40+ Online Resume Tips From Hiring Experts That’ll Help You Win Your Job Search•
Did you know that 73% of job seekers today start their job search on Google? And just think, most job seekers typically have multiple versions of their resume uploaded to multiple different places, whether that’s on Linkedin, Indeed, Monster, etc. … so just imagine how many resumes are floating around on the interwebs right now!
Anyways, the point I’m trying to make is that a lot of the job hunt is happening online nowadays.And while we’ve shared a few articles already that cover different parts of the modern job search process, from:
- resume tips for when you have no experience
- 4 top interview tips from hiring managers
- how to find your dream job
- questions to ask about company culture
- and a bunch of others…
We’ve yet to round up a big list of our favorite online resume tips that would be useful to anyone wanting to find a job online today (The closest we’ve done is one of our most successful posts to date, The Ultimate Guide to Linkedin Best Practices for Job Seekers). So that’s what we’re doing in this article.
Instead of coming up with a list on our own, we turned to a bunch of hiring pros (who screen tons of online resumes on a regular basis) for their expert insight. More specifically, we asked over 20 hiring managers and resume experts – “What are your best online resume tips that’ll help job seekers win the job search?”
Below are the 40+ online resume tips that they shared with us, which you can use to your benefit:
When you’re sending your resume online, it’s important to understand that reader probably won’t see all of page one on their screen. Job seekers can
use this knowledge to advantage against their competition by using the top half of page one to give their readers the information the readers want to
Research has shown that recruiters and hiring managers are *most interested* in candidates who have experience that is relevant to the job they need to fill. To maximize space to provide that information right away:
1. Share your email address, phone number, and LinkedIn URL in one line.
Example: firstname.lastname@example.org | XXX.XXX.XXXX | linkedin.com/in/donnasvei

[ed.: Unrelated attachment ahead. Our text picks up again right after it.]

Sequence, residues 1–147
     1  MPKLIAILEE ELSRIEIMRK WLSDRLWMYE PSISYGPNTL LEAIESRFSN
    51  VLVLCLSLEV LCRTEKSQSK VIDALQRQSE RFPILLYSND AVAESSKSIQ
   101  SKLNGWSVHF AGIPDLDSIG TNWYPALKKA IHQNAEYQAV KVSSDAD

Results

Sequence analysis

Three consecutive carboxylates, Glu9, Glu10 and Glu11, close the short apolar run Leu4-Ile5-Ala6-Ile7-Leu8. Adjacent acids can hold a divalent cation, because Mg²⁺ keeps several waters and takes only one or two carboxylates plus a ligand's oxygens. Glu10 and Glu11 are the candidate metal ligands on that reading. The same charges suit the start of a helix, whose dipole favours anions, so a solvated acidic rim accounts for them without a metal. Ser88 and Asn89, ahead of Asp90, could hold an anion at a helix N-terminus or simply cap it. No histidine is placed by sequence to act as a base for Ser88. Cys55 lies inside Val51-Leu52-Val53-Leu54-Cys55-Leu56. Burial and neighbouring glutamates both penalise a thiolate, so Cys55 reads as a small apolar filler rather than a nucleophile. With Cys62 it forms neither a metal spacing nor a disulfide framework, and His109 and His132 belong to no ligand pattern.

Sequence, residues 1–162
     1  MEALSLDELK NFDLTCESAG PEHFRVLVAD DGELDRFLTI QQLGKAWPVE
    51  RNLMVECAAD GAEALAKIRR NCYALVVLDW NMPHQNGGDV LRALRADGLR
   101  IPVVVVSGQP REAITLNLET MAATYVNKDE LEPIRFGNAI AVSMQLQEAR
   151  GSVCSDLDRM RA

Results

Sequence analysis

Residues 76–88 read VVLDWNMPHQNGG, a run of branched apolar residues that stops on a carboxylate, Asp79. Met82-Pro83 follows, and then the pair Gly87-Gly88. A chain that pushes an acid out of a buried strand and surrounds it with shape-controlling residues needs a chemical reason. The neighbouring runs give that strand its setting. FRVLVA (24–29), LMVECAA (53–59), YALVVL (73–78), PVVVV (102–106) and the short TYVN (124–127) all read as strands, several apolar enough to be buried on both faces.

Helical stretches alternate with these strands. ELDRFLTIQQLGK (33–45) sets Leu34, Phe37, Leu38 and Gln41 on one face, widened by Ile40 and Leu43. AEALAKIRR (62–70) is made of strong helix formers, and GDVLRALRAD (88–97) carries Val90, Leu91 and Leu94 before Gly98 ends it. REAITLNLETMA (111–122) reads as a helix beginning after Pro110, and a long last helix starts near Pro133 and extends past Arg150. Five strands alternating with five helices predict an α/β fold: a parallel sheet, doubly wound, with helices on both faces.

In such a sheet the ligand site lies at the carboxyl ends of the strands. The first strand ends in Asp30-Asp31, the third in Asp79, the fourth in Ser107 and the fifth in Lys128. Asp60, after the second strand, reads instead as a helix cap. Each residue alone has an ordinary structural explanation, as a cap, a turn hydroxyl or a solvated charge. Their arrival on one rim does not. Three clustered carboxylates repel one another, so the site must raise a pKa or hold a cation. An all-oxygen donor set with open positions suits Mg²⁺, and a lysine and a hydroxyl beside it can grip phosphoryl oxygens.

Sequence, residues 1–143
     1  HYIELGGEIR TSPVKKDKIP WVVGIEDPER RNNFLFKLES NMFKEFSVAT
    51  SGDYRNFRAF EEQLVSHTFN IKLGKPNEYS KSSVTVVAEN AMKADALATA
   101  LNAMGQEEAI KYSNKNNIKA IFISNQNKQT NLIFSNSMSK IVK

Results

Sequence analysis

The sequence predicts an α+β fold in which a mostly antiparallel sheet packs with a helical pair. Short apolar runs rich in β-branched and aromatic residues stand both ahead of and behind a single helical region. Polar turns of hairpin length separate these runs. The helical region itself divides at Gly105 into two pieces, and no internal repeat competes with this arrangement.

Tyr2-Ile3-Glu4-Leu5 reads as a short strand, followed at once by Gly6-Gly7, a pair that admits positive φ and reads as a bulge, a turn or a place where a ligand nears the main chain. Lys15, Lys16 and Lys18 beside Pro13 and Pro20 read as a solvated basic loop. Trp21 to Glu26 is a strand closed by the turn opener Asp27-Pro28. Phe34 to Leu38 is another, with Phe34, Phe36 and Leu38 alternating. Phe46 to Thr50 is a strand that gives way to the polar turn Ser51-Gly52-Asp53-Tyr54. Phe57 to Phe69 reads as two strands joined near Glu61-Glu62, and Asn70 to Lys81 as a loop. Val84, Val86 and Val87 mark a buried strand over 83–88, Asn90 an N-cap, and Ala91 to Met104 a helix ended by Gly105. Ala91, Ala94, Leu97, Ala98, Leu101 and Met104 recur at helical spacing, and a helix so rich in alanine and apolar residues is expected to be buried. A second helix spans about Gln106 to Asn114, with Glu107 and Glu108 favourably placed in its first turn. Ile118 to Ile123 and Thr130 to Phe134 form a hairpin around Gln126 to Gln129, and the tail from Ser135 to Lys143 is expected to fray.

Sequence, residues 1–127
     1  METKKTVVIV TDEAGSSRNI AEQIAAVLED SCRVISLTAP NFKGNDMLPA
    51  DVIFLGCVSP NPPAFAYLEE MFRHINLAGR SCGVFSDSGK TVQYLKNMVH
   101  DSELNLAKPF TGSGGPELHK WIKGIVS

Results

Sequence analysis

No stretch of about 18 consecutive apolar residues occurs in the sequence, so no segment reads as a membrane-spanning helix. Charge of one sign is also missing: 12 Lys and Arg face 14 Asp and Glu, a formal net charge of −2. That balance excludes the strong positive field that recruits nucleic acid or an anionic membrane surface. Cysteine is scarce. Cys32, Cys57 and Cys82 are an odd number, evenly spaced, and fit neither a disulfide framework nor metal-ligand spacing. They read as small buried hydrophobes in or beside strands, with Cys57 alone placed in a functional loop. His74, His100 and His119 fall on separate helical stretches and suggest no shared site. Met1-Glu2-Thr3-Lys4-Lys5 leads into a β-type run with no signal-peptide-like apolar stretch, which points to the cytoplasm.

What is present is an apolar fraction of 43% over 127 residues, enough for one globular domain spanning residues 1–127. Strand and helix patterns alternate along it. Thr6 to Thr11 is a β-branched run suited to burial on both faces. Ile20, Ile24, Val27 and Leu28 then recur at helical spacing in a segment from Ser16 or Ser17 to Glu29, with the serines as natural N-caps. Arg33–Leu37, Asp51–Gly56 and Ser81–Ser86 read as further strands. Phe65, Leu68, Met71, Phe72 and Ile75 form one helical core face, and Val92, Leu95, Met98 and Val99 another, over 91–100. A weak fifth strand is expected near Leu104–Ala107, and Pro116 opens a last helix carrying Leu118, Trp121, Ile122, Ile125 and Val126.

2. Use a headline that calls out your relevant experience.
Example: Culture Change | Leadership Development | Inclusiveness
3. Write a two or three-line paragraph below your headline that summarizes your relevant experience.
Then go directly to your Professional Experience section and your current/most recent position. Give a brief description of the company you work for, your title and related employment dates, a summary of your responsibilities, your team size (if you manage people), and your direct reporting relationship. Then list three to five bullet points that describe your accomplishments.
This approach makes it easy for your reader to understand your experience and how to contact you. You aren’t confusing them with information they don’t care about, but your competition is. Many people fill the top half of page one with information their readers don’t care about or believe. Thus, your resume floats to the top as a qualified candidate who knows how to organize and present information.
Who would you want to interview and hire?
-Donna Svei, Founder of Avid Careerist, Executive Resume & LinkedIn Profile Writer, Interview Coach
Go beyond listing the functions you perform.
Differentiate yourself by curating a list of very specific accomplishments that qualify the claims you make about your skills. Put that list toward the top of the page, so it will catch the employer’s eye.